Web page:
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Spring Boot 3.0 support and new security capabilities in Open Liberty

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Laura Cowen on Sep 19, 2023
Post available in languages: 日本語 , 简体中文 ,

You can use Spring Boot 3.x capabilities in your Liberty applications with the new Spring Boot Support 3.0 feature. You can also now authenticate your OpenID Connect clients using the Private Key method, which is more secure than using client secrets, and if you use LTPA or JWT cookies, you can now use different cookies for different applications, according to their context root.

And finally, happy birthday! Open Liberty is now 6 years old. See our history in maker projects.

In Open Liberty

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If you’re using Maven, include the following in your pom.xml file:


Or for Gradle, include the following in your build.gradle file:

buildscript {
    repositories {
    dependencies {
        classpath ''
apply plugin: 'liberty'

Or if you’re using container images:


Or take a look at our Downloads page.

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Spring Boot 3.0 support

The Liberty Spring Boot Support 3.0 feature provides a more complete support for running Spring Boot 3.0 applications on Liberty. It also provides the capability to thin the application when you create applications in containers.

Prior releases of Liberty provided support for Spring Boot 1.5 and Spring Boot 2.0 applications. Liberty also supported Spring Boot applications packaged as a WAR file, as demonstrated in this recent blog post. With Open Liberty, you can deploy Spring Boot 3.x applications by enabling the springBoot-3.0 feature, with support for both JAR and WAR file types.

To run a Spring Boot 3.x application on Liberty, you must be running with Java 17 or higher. Additionally, if your application uses the Jakarta Servlet feature, it must be Jakarta Servet 6.0. Configure these features in the server.xml file, as shown in the following example:


As with previous versions of the Spring Boot Support feature, you can put Spring Boot application JAR files in the /dropins/spring/ directory. Alternatively, specify the Spring Boot configuration elements in the server.xml file. For example:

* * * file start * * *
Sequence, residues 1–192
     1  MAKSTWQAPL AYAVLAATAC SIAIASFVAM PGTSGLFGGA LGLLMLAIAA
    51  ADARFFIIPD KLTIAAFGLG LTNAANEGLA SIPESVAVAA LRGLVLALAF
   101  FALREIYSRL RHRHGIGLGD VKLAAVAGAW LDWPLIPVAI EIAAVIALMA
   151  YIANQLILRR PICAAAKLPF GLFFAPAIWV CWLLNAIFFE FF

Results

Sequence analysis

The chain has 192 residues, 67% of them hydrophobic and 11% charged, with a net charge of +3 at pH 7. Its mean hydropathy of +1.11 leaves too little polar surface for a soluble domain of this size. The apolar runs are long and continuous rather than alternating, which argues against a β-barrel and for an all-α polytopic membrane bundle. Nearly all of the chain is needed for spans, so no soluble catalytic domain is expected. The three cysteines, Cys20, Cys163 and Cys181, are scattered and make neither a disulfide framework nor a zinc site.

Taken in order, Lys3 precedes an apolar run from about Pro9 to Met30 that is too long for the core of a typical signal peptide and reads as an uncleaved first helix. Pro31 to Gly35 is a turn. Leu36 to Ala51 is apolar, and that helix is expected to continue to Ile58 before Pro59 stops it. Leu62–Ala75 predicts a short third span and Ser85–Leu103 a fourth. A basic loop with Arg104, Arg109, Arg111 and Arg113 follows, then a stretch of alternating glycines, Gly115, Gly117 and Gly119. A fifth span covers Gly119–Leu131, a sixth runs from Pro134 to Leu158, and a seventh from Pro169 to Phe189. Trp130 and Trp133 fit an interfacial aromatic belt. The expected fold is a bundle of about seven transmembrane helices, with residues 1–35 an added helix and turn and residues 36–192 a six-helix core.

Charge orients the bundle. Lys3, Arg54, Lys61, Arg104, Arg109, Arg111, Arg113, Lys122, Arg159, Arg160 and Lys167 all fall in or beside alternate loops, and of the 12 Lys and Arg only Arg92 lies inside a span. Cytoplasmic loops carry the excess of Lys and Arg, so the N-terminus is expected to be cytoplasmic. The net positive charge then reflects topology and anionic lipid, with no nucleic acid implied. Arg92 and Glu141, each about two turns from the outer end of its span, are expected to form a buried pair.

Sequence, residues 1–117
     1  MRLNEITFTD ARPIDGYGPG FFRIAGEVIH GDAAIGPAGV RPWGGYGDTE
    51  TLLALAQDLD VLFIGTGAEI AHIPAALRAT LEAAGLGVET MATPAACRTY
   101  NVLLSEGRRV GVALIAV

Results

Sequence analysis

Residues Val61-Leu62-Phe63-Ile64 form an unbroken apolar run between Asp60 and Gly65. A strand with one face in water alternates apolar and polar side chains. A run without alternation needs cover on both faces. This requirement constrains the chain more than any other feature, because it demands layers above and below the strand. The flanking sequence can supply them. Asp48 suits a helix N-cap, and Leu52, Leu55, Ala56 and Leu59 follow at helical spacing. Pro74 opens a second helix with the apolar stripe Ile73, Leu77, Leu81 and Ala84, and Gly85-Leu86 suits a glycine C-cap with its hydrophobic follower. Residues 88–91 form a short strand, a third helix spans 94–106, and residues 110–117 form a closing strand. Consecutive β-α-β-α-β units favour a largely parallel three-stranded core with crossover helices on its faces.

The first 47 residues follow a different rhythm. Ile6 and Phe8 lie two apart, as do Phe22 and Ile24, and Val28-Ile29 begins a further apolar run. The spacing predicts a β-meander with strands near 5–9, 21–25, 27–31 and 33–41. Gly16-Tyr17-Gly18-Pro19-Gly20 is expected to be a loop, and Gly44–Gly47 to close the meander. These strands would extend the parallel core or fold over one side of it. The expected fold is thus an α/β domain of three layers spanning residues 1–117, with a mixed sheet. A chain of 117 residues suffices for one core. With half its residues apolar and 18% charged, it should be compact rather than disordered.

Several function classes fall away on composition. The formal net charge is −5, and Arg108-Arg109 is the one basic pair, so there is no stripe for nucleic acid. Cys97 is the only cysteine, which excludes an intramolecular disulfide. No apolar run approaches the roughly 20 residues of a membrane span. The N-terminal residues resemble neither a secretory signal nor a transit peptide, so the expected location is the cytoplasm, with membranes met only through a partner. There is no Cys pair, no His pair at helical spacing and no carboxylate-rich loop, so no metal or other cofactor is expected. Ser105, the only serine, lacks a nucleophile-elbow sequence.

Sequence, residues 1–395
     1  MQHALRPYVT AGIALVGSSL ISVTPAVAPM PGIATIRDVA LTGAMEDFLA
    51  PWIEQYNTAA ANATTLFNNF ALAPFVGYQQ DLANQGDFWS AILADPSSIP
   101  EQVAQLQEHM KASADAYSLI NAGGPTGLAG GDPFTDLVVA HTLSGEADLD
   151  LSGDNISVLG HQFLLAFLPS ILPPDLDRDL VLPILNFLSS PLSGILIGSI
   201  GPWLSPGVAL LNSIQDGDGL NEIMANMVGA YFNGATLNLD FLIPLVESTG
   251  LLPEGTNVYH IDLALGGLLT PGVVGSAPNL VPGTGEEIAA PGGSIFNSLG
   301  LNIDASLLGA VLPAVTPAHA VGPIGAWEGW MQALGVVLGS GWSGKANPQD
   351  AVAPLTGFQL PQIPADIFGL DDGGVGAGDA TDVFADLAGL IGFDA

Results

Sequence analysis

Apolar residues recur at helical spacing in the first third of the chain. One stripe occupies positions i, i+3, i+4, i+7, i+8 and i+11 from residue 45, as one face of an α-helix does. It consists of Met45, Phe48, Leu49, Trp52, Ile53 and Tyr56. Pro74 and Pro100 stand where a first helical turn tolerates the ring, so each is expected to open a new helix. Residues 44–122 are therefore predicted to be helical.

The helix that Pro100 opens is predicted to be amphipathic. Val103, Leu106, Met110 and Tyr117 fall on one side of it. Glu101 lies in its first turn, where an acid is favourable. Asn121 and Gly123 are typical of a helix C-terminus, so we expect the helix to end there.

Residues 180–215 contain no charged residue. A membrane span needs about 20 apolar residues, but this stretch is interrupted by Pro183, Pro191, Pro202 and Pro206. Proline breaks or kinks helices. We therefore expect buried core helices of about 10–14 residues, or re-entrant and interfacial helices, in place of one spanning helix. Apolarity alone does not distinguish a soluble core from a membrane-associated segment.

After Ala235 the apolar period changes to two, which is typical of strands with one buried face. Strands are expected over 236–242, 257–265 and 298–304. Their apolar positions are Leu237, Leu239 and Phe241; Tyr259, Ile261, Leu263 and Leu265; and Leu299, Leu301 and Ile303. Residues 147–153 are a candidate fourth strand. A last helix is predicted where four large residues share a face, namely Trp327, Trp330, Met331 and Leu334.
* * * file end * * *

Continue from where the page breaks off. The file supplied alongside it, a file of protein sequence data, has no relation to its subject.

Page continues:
<springBootApplication id="spring-boot-app" location="spring-boot-app-0.1.0.jar" name="spring-boot-app" />

If you have used previous versions of the Spring Boot Support feature and are now migrating your application to use Spring Boot 3, note the following requirements:

Private Key JWT authentication support for OIDC clients

OpenID Connect clients in Liberty now support the private_key_jwt client authentication method with OpenID Connect token endpoints.

OpenID Connect clients are required to provide authentication data to the OpenID Connect provider when they invoke the provider’s token endpoint. Clients can authenticate using several different methods, but most of those methods require a client secret. The private_key_jwt authentication method enables clients to use asymmetric keys to create signed JSON Web Tokens (JWTs) to authenticate instead of client secrets. OpenID Connect clients that use this authentication method are no longer required to have a client secret.

Enable this capability in your client application using the private_key_jwt option for the tokenEndpointAuthMethod attribute, and the tokenEndpointAuthSigningAlgorithm and keyAliasName attributes in either the openidConnectClient or oidcLogin elements in the client’s server.xml file.

For example, when you use the OpenID Connect Client feature, include the following configuration:

<openidConnectClient tokenEndpointAuthMethod="private_key_jwt" keyAliasName="privateKeyJwtAliasRS512" ... />

If you are using the Social Media Login feature, include the following configuration:

<oidcLogin tokenEndpointAuthMethod="private_key_jwt" tokenEndpointAuthSigningAlgorithm="E512" keyAliasName="privateKeyJwtAliasES512" ... />

The tokenEndpointAuthSigningAlgorithm attribute specifies the signing algorithm to sign the JWT that is used for client authentication. The keyAliasName attribute points to the key to use to sign the JWT, and must also be the alias for the public key that corresponds to the private key. The private key must be in the keystore that is specified by the SSL configuration that is referenced by sslRef in the OIDC client configuration. The public key must be in one of the following locations:

  • The truststore that is specified by the trustStoreRef attribute

  • The truststore that is specified by the SSL configuration that is referenced by sslRef

  • The keystore that is specified by the SSL configuration that is referenced by sslRef

For more information about the configuration options, see the docs:

For more information about JWT authentication, see:

In previous releases, LTPA and JWT cookies always had the cookie path set to /, so that any request made to any path on the domain included the cookie. You can now set the LTPA or JWT cookie path to the application context root. With this configuration, you can use different LTPA and JWT tokens for different applications.

Enable the useContextRootForSSOCookiePath attribute in the webAppSecurity element. For example, add the following line to the server.xml:

<webAppSecurity useContextRootForSSOCookiePath="true"/>

For more information about LTPA in Open Liberty, see the docs:

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